12. The title is actually pretty catchy. We all know what kind of company Starbucks is. It’s exciting and has good values. I think the name alone is enough to get people to pay attention to this book. Unfortunately, this doesn’t automatically mean the book is going to be a hit with everybody. They would have too high expectations.

  13. Andy says:

    As a kid, I worked in a fast food establishment that had a “fixiins” bar w/tomatoes, lettuce, onions, and condiments for hamburgers. There was one elderly couple that would come into the restaurant, order a sandwich, and use the fixins bar to make a salad. I felt that this was steeling – they were abusing the system.

    One of my wife’s co-workers used to by TVs and computers at Costco, and return them in a year to get an upgrade. He was taking advantage of Costco’s return policy. Recently, Costco changed their policy on these items – returns must be made in 90 days. In my mind this is steeling too.

    To me drinking only water at a coffee shop (or restaurant) is not steeling. Sitting at a table all day, drinking water reading the paper, while paying customers are waiting for a seat may not be steeling, but it is rude. Abusing the system for excessive gain that costs businesses real money is steeling – from paying customers that will be forced to absorb these costs.

  14. Michael says:

    Berkshire is too big to make the big plays that made it big. People watch Buffett closely and drive up prices before he can build a big stake. Also, everyone has access to a decent stock screener these days, so there are fewer cheap stocks available. Also, if Buffett dies the stock price may drop sharply.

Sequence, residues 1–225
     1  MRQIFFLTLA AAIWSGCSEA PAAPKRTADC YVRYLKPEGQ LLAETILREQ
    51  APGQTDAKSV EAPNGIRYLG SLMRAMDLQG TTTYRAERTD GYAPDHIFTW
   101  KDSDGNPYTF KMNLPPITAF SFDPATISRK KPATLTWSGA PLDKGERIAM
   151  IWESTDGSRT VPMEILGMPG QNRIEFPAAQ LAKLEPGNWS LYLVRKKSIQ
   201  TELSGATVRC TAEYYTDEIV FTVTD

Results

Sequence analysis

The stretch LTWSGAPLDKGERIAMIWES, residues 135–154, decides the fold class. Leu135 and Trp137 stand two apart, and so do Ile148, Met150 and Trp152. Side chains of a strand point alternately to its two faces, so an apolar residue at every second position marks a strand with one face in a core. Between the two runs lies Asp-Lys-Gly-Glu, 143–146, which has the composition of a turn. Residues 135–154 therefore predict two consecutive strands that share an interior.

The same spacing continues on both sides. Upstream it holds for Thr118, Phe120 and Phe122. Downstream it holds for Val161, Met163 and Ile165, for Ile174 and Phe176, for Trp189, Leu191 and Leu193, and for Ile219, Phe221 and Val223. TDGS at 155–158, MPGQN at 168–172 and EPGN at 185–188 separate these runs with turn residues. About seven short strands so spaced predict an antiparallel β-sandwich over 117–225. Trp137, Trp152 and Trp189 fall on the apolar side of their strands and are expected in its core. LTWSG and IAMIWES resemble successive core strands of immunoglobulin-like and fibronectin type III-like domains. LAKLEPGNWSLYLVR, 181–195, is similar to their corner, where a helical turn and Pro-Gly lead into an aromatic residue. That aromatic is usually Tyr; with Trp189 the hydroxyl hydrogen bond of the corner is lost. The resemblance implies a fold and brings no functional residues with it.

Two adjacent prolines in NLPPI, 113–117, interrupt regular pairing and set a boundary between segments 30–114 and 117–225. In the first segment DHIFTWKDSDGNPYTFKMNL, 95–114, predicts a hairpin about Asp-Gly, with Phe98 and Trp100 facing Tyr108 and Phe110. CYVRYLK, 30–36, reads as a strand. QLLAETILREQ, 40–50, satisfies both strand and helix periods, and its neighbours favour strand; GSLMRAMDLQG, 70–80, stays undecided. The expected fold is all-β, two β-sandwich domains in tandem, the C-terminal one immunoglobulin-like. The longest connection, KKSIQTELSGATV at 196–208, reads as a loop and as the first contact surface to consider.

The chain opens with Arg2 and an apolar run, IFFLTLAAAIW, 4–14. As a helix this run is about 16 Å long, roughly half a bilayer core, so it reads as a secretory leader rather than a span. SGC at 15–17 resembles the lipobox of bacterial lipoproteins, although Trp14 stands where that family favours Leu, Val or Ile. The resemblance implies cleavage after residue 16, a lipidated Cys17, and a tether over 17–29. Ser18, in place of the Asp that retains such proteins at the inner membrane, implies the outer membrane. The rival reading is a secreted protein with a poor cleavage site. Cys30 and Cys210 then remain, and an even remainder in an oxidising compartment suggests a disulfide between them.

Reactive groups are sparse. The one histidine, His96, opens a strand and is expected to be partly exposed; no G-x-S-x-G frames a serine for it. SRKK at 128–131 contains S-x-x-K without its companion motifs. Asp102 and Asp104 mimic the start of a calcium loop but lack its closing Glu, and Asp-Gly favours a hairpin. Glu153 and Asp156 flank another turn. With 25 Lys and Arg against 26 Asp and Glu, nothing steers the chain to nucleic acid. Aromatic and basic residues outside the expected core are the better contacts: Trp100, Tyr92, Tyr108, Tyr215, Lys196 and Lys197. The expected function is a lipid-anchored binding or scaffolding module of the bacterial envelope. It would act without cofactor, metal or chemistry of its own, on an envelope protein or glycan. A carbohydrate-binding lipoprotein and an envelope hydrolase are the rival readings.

15. Kevin Pickell says:


    Berkshire is not too big. They are compensating by making larger bets. They have much more capital and can now hunt for elephants rather than chickens. Now they often buy entire companies rather than fractional shares. Yes everyone has access to simple screeners these days but that will never put you in a league with Buffett. Buffett has the experience and intelligence to pick up on hidden values and hidden dangers….which a stock screener cannot detect. Screeners should never be used to tell you what to buy and sell. They are merely idea generators. Buffett does not merely buy cheap stocks. Buffett values many intangiables than cannot be digested by numerical stock screens. Regarding Berkshire’s size….let me just suggest that it has been said for years that Exxon Mobil was too large to grow, yet they have continued to grow and produce record profits that are just off the charts. Also…Buffett will most likely retire and enact a succession plan long before his passing, so his demise should have little effect on the company…at least in the long run. Buffett has built Berkshire for the long haul. Many of these companies in their portfolio will continue to be cash machines long into the future….companies such as Geico, Dairy Queen, Fruit of the Loom, NetJets, Benjamin Moore Paints, Iscar, Coca-Cola, American Express, Mid American Energy, Nebraska Furniture Mart, General Re, The Pampered Chef, The Washington Post, Wells Fargo, etc etc. In 2007, Berkshire stock had it’s biggest gain in years and trounced the S&P 500. Buffetts task at succession will be to find someone who can allocate Berkshire’s excess capital at high returns. There are certainly some players out there that are up to the task. Buffett is as good at evaluating people as he is at evaluating businesses. He will find the right person to act as Berkshire’s chief investment officer when the time comes.

  16. Kevin Pickell says:

    Thumbs down on the book. This author has written a nice book that sounds great in theory…but will never work on a practical level. It’s just not that easy, and anyone who has been around the markets for awhile knows this. Did this author happen to publish an audited summary of his own returns using these methods? I’d suggest that Peter Lynch’s books are far more practical(Beating the Street, One Up on Wall Street).

  17. lorax says:

    I don’t buy the premise.

    You get uncompensated non-systematic risk when buying individual stocks. Why can’t the pros do it at least as well as you, thus driving the stock to a fair market value?